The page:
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Appl Environ Microbiol. 2007 Dec;73(24):7906-11. Epub 2007 Oct 19.

Antibiotic resistance in food-borne bacterial contaminants in Vietnam.

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School of Applied Sciences, RMIT University, Building 3, Level 1, Room 2, City Campus, Melbourne, Victoria 3001, Australia.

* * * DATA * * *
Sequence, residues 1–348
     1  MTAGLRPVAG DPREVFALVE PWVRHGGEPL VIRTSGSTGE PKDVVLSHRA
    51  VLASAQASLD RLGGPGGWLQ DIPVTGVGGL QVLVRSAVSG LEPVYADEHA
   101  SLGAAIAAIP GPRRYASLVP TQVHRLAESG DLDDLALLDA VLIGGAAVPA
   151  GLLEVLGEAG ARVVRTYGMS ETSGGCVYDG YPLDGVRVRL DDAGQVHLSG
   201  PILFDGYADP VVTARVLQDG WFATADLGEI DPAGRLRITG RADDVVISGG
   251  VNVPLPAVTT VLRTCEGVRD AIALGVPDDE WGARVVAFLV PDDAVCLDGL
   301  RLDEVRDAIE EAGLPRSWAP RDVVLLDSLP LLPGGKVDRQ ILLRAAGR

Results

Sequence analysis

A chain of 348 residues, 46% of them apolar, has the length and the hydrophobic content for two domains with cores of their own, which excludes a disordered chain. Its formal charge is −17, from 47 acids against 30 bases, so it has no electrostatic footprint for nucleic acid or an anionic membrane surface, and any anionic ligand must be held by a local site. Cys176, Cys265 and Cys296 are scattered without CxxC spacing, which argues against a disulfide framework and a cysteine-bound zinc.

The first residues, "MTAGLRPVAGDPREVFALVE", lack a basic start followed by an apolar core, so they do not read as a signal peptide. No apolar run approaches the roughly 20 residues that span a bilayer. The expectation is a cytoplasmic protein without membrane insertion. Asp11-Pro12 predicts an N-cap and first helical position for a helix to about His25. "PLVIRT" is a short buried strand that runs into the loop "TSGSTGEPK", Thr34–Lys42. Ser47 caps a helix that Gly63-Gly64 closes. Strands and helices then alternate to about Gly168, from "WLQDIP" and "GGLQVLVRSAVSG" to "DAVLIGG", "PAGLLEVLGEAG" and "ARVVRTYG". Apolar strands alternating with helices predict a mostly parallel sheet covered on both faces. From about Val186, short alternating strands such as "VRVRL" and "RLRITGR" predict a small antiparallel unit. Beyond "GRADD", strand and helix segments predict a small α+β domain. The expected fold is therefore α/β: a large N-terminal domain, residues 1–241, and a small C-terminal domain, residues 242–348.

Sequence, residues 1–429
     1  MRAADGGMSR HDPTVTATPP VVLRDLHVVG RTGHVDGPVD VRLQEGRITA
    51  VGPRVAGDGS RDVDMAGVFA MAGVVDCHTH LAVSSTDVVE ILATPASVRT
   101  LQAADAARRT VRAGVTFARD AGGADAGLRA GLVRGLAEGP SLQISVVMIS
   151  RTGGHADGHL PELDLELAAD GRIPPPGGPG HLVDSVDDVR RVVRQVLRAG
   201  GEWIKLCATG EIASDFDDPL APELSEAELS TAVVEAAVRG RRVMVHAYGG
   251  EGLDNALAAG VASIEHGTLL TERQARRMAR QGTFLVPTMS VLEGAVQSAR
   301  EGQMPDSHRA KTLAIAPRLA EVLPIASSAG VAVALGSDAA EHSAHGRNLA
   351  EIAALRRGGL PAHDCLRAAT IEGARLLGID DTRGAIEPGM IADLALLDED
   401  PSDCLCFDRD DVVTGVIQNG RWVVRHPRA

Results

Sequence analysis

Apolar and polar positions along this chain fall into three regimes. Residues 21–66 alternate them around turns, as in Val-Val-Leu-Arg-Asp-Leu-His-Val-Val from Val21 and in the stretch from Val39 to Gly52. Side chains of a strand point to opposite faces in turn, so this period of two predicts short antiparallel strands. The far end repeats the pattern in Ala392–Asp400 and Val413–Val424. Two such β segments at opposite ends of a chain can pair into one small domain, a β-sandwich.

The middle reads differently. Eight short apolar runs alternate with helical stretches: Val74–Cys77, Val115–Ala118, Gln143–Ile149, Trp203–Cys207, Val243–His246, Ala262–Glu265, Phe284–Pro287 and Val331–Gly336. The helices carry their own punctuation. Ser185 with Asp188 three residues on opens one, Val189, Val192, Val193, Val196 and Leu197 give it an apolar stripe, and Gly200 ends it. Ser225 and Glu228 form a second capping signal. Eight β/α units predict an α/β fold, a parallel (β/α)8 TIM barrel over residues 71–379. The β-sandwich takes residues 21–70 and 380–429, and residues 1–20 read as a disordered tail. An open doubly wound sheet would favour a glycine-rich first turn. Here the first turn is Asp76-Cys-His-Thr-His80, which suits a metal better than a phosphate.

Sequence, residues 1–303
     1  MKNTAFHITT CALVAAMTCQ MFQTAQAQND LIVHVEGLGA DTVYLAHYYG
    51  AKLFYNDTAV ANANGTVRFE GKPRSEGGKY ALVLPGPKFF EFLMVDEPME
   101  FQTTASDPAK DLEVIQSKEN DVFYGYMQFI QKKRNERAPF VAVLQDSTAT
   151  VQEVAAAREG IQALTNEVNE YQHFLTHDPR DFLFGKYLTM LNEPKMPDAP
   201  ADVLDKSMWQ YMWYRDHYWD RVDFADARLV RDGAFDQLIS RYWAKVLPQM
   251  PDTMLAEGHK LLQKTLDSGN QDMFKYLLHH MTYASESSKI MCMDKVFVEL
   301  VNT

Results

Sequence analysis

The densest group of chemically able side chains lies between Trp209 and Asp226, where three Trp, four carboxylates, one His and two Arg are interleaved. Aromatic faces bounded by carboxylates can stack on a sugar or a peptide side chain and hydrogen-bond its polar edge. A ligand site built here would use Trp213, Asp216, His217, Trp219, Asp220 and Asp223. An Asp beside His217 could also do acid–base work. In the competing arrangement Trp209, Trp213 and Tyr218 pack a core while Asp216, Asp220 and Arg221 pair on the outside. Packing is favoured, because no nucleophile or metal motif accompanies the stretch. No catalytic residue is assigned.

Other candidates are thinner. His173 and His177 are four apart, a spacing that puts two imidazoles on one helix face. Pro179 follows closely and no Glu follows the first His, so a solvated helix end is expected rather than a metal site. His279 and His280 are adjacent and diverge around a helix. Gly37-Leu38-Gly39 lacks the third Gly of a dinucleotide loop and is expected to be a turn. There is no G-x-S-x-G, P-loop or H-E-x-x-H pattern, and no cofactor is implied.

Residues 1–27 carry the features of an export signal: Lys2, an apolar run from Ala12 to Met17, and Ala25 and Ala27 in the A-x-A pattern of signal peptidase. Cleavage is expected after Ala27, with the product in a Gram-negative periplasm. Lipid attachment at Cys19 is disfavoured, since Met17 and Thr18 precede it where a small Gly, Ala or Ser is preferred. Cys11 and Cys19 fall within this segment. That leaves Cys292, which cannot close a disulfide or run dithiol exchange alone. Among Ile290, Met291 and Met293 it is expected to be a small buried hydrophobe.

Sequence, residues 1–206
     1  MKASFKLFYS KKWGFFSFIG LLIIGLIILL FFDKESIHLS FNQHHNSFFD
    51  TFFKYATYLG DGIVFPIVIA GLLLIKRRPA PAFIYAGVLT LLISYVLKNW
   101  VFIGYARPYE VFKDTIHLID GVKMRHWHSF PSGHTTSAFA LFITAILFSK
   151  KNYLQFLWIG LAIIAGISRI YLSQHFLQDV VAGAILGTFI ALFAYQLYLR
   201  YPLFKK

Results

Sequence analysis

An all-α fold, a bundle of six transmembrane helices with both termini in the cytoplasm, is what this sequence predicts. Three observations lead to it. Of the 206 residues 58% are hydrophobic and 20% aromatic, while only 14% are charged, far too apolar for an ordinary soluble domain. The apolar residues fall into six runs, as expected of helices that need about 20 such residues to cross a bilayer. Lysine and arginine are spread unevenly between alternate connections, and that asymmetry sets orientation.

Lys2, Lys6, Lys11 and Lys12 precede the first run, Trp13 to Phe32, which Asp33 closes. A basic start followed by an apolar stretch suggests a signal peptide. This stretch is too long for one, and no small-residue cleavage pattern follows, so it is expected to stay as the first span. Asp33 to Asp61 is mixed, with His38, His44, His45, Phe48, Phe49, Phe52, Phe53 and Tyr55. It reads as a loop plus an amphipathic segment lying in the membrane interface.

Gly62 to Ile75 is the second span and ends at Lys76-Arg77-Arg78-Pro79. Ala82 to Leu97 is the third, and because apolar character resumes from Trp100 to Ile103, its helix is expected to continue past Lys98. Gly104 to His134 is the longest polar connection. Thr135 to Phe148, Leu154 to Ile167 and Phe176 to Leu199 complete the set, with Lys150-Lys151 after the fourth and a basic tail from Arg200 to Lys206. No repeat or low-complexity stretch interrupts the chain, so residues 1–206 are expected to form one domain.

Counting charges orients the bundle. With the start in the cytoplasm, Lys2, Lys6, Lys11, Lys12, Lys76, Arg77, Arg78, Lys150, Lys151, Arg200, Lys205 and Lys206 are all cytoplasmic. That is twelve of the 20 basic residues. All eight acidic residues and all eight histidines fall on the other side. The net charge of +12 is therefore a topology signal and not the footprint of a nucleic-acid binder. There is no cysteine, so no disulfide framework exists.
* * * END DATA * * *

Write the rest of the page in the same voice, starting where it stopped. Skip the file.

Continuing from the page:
This study was conducted to examine the rate of contamination and the molecular characteristics of enteric bacteria isolated from a selection of food sources in Vietnam. One hundred eighty raw food samples were tested; 60.8% of meat samples and 18.0% of shellfish samples were contaminated with Salmonella spp., and more than 90% of all food sources contained Escherichia coli. The isolates were screened for antibiotic resistance against 15 antibiotics, and 50.5% of Salmonella isolates and 83.8% of E. coli isolates were resistant to at least one antibiotic. Isolates were examined for the presence of mobile genetic elements conferring antibiotic resistance. Fifty-seven percent of E. coli and 13% of Salmonella isolates were found to contain integrons, and some isolates contained two integrons. Sequencing results revealed that the integrons harbored various gene cassettes, including aadA1, aadA2, and aadA5 (resistance to streptomycin and spectinomycin), aacA4 (resistance to aminoglycosides), the dihydrofolate reductase gene cassettes dhfrXII, dfrA1, and dhfrA17 (trimethoprim resistance), the beta-lactamase gene bla(PSE1) (ampicillin resistance), and catB3 (chloramphenicol resistance). Plasmids were also detected in all 23 antibiotic-resistant Salmonella isolates and in 33 E. coli isolates. Thirty-five percent of the Salmonella isolates and 76% of the E. coli isolates contained plasmids of more than 95 kb, and some of the isolates contained two large plasmids. Conjugation experiments showed the successful transfer of all or part of the antibiotic resistance phenotypes among the Salmonella and E. coli food isolates. Our results show that enteric bacteria in raw food samples from Vietnam contain a pool of mobile genetic elements and that the transfer of antibiotic resistance can readily occur between similar bacteria.

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